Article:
The intent of the clause is that provision of bracing is relative to floor area. In other words, if a wing represents 20 per cent of the total building floor area, then at least 20 per cent of the bracing demand must be provided in that wing. This can be achieved by separate calculation, but is often more readily achieved by treating the building as a single unit and simply ensuring bracing distribution is balanced and proportional to floor area.
Even when wings or blocks are at an angle to the main building, a single calculation can be carried out. NZS 3604:2011 paragraph 5.4.4 gives guidance for walls at angles to the bracing grid and is intended for single or few individual walls. Wings or blocks at an angle are better treated separately or by ‘stretching’ the building along the ridge line for calculation purposes and treating it as a single rectangular structure. The angle-to bracing-line function in the Gib EzyBrace calculation sheet does not need to be applied in this situation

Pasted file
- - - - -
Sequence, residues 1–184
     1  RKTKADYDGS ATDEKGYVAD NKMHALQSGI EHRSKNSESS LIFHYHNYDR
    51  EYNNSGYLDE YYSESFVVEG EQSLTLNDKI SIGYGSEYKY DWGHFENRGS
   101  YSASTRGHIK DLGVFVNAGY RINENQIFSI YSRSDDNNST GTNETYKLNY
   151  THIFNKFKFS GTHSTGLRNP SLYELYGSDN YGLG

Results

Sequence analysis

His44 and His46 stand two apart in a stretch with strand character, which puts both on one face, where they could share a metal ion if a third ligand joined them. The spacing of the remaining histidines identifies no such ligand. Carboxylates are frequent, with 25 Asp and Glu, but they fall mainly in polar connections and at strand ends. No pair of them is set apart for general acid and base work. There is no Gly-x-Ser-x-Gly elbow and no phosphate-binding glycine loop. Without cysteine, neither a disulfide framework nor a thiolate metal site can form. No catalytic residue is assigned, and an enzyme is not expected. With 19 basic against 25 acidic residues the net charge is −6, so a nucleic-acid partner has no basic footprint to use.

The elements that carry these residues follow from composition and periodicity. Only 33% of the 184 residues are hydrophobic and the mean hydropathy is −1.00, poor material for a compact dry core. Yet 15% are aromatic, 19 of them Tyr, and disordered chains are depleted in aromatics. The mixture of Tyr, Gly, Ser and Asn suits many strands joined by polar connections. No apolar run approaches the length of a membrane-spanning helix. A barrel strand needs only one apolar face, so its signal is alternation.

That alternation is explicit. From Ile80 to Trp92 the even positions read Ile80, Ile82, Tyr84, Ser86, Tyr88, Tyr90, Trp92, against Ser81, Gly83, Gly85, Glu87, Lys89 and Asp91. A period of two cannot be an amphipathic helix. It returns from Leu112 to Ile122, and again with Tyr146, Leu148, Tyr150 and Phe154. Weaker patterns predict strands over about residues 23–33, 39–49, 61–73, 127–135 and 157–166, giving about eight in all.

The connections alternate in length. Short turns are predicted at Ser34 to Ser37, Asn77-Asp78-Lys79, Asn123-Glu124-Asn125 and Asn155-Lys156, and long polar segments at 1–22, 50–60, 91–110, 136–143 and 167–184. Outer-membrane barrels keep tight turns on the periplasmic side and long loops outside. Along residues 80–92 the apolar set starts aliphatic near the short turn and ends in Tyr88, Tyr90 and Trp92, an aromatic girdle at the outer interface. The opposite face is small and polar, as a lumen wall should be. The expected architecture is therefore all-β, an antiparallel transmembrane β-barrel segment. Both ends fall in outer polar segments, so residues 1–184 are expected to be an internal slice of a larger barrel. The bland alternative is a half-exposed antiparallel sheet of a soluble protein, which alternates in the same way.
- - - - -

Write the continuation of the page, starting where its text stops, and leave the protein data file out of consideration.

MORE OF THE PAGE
Using a ‘stretched’ rectangular design will deliver the same outcome as doing two separate calculations. Again the important issue is to ensure that bracing provision and distribution is proportional to floor area.
The other frequently encountered bracing question relates to ceiling diaphragms and when they are required. We often see diaphragms specified where they are not needed.
NZS3604:2011 paragraph 5.4.6 states that bracing lines ‘shall not be at more than 6 m centres provided that there need be no bracing lines within the area covered by a diaphragm…’ . The need for a diaphragm is thus determined by the spacing of bracing lines, and not by the dimensions of a particular room.
The illustrations above show two designs incorporating a 8 x 6 m room. In one case, NZS 3604:2011 requires a ceiling diaphragm and in the other case it does not because bracing lines dissecting the room are spaced at less than 6m.
A point to note is that the underlying NZS 3604 assumption is that structural framing, such as trusses, rafters and their connections, provide support to the external wall (indicated by an arrow) back to the bracing grid. Use a ceiling diaphragm if there is any doubt whether such structural connections exist.